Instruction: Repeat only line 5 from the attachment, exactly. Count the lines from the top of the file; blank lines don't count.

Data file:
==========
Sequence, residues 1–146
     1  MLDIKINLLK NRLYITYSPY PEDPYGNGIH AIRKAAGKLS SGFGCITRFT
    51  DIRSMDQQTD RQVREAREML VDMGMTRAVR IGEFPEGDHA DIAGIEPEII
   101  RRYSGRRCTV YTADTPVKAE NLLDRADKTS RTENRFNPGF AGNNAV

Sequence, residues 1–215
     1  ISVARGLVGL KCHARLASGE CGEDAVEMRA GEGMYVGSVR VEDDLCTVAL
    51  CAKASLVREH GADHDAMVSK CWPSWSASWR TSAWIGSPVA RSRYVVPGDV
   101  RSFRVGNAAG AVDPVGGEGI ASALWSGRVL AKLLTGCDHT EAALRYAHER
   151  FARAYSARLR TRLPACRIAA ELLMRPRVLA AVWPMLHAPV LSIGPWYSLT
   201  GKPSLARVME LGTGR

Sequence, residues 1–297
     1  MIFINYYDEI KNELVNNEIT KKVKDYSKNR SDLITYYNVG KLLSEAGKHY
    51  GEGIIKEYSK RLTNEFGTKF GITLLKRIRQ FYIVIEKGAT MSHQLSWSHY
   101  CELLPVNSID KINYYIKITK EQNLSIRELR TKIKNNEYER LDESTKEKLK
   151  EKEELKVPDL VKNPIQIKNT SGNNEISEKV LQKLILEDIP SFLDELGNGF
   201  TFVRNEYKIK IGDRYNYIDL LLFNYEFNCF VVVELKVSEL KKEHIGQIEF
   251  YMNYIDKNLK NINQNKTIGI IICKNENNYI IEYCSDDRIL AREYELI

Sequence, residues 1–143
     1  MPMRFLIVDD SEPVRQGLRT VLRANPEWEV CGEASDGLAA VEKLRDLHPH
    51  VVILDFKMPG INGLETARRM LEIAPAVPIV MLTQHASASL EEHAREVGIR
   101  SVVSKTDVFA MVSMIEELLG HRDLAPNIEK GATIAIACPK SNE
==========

Sequence, residues 1–215